Running v walking

by John Quiggin on April 24, 2013

With the exception of an unnameable region bordering on the Eastern Mediterranean, posts on diet and exercise seem to promote more bitter disputes than any others. So, in the spirit of adventure, I’m going to step away from my usual program of soft and fluffy topics like the bubbliness of bitcoins, the uselessness of navies and the agnotology of climate denial, and tackle the thorny question of running vs walking.

Happily, and unlike, say climate science, this is a question on which you can find a reputable scientific study to support just about any position you care to name, and even some that appear to support both sides, so I’m just going to pick the ones I like, draw the conclusions I want, and invite you all to have it out in the comments thread. I’m also going to attempt the classic move of representing the opposing positions as extremes, relative to which I occupy the sensible centre.

The first question is whether, distance for distance, running or walking is more energy-efficient. The answer, according to my preferred study, is that if you are not concerned about time the study reported here, is a mixture of walking and resting, averaging about 1.3 m/sec. To achieve moderate average speeds, say a 5-hour marathon, a mixture of running and walking is better than a consistent slow running pace.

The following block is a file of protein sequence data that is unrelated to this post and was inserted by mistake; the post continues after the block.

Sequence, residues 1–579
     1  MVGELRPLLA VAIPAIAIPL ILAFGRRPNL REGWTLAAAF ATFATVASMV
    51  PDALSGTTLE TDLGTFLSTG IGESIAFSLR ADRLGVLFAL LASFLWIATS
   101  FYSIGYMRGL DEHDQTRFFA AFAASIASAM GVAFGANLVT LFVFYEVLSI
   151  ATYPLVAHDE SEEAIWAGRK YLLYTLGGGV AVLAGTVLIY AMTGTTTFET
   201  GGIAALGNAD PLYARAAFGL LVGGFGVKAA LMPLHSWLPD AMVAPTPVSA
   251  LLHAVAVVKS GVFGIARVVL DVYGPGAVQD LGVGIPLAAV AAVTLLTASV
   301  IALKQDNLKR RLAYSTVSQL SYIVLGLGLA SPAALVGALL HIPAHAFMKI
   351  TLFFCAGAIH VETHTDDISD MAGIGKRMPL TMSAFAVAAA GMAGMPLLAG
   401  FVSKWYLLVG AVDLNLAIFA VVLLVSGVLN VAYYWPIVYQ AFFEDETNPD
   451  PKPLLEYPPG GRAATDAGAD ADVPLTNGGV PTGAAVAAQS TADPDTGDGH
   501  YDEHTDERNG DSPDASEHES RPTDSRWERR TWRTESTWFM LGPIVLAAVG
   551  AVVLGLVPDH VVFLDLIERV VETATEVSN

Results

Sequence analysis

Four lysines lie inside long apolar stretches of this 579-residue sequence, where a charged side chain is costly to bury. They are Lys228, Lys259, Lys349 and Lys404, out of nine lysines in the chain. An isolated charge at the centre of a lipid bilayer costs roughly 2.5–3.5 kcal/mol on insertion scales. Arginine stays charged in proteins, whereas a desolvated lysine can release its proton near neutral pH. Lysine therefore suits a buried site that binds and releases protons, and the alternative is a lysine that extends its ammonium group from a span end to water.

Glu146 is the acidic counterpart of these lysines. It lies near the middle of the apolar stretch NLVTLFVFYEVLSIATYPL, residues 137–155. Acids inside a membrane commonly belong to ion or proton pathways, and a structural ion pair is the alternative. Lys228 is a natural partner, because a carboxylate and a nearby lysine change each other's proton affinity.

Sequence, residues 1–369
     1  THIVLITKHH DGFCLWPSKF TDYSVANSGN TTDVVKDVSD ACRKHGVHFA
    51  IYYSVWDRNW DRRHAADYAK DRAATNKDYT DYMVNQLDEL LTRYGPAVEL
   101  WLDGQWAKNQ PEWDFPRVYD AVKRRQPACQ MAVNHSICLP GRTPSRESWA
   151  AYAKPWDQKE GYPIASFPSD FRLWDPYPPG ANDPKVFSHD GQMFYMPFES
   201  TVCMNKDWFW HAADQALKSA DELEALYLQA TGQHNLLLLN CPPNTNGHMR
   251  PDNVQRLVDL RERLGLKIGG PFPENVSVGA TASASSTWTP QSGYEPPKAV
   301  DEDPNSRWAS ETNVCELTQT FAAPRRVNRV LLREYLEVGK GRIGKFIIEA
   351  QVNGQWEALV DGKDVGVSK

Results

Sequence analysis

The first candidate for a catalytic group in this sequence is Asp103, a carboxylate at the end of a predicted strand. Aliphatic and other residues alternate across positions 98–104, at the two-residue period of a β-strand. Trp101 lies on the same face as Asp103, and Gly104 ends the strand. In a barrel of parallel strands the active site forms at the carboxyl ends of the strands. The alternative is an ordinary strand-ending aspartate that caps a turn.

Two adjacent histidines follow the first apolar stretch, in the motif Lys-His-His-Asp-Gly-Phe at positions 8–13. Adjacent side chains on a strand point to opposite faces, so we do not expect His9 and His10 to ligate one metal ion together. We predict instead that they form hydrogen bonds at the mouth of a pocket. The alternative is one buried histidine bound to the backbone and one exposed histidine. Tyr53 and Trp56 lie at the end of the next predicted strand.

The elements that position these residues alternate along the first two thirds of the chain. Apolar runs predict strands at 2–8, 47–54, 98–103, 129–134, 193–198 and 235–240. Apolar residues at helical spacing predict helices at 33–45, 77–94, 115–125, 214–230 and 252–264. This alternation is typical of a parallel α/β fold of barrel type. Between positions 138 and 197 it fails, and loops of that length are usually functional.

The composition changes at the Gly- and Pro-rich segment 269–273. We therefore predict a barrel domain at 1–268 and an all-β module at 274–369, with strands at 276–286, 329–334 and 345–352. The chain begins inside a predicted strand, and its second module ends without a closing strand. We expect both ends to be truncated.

Energy-efficiency is usually assumed to be good. But for first-world residents, access to food energy usually isn’t a constraint. If you buy the (highly controversial, as I found out last time I posted on this) view that fat burned is equal to the difference between energy consumed and energy used, then it’s good to seek out energy-inefficient activities.